President Obama explaining that most of the Affordable Care Act – aka, Obamacare – has been implemented for people who have insurance through their employers and clarified that the other part of the law to be implemented are the exchanges that will allow individuals to buy insurance in an “exchange” where companies will compete for their business.
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“I think that any time you’re implementing something big, there’s going to be people who are nervous and anxious about is it going to get done, until it’s actually done.
But let’s just step back for a second and make sure the American people understand what it is that we’re doing. The Affordable Care Act — Obamacare — has now been with us for three years. It’s gone through Supreme Court tests. It’s gone through efforts to repeal. A huge chunk of it has already been implemented. And for the 85 to 90 percent of Americans who already have health insurance, they’re already experiencing most of the benefits of the Affordable Care Act even if they don’t know it. Their insurance is more secure. Insurance companies can’t drop them for bad reasons. Their kids are able to stay on their health insurance until they’re 26 years old. They’re getting free preventive care.
So there are a whole host of benefits that, for the average American out there, for the 85 to 90 percent of Americans who already have health insurance, this thing has already happened. And their only impact is that their insurance is stronger, better, more secure than it was before. Full stop. That’s it. They don’t have to worry about anything else.
The implementation issues come in for those who don’t have health insurance — maybe because they have a preexisting condition and the only way they can get health insurance is to go out on the individual market, and they’re paying 50 percent or 100 percent more than those of us who are lucky enough to have group plans; people who are too poor to get health insurance and the employers don’t offer them. Maybe they work for a small business and this small business can’t afford right now to provide health insurance.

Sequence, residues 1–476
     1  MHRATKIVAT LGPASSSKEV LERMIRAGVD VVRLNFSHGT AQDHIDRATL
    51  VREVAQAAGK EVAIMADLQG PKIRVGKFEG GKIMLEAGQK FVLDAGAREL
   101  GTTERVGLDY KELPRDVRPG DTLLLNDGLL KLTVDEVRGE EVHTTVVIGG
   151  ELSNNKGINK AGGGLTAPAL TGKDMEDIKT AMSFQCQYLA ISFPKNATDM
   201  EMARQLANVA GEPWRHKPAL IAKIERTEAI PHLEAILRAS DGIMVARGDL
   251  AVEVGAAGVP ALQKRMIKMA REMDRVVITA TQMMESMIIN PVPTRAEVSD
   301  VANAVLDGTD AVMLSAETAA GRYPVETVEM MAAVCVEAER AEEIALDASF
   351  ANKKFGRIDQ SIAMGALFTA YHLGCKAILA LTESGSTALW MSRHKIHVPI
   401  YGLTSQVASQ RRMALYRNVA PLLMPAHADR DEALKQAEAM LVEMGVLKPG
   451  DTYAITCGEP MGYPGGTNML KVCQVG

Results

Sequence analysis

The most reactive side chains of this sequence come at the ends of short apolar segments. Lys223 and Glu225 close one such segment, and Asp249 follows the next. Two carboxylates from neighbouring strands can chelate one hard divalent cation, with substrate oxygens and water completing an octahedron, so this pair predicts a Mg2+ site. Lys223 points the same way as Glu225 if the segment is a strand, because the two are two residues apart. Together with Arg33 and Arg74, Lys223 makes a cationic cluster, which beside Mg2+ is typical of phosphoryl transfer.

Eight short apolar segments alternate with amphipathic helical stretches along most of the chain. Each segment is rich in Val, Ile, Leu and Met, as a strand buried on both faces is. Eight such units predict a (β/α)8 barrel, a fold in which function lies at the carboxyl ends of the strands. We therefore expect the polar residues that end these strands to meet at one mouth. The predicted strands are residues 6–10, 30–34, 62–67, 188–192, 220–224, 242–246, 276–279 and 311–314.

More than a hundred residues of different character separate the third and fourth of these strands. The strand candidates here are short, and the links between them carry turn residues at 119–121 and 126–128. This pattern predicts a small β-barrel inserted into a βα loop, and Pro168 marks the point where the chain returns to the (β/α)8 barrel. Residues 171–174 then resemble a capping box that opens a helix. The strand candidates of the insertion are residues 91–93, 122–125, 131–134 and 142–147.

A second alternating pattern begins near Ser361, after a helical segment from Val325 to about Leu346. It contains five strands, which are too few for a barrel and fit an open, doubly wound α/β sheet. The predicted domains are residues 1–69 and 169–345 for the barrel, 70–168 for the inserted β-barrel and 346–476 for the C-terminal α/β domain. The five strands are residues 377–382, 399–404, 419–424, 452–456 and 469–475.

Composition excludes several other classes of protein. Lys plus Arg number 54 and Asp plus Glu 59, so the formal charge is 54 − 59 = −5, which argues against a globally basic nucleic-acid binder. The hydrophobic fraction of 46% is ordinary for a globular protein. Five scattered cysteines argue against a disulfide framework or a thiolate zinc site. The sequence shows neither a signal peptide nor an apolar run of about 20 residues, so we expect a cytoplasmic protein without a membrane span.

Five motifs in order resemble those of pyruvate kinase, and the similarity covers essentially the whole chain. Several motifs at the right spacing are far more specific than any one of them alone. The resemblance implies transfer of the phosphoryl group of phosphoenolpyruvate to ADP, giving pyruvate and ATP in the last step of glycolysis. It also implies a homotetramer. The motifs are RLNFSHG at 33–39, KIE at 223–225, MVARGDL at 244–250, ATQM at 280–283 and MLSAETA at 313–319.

So all the implementation issues that are coming up are implementation issues related to that small group of people, 10 to 15 percent of Americans — now, it’s still 30 million Americans, but a relatively narrow group — who don’t have health insurance right now, or are on the individual market and are paying exorbitant amounts for coverage that isn’t that great.
And what we’re doing is we’re setting up a pool so that they can all pool together and get a better deal from insurance companies. And those who can’t afford it, we’re going to provide them with some subsidies. That’s it. I mean, that’s what’s left to implement, because the other stuff has been implemented and it’s working fine.
The challenge is that setting up a market-based system, basically an online marketplace where you can go on and sign up and figure out what kind of insurance you can afford and figuring out how to get the subsidies — that’s still a big, complicated piece of business. And when you’re doing it nationwide, relatively fast, and you’ve got half of Congress who is determined to try to block implementation and not adequately funding implementation, and then you’ve got a number of members of — or governors — Republican governors — who know that it’s bad politics for them to try to implement this effectively, and some even who have decided to implement it and then their Republican-controlled state legislatures say, don’t implement, and won’t pass enabling legislation — when you have that kind of situation, that makes it harder.
But having said all that, we’ve got a great team in place. We are pushing very hard to make sure that we’re hitting all the deadlines and the benchmarks.”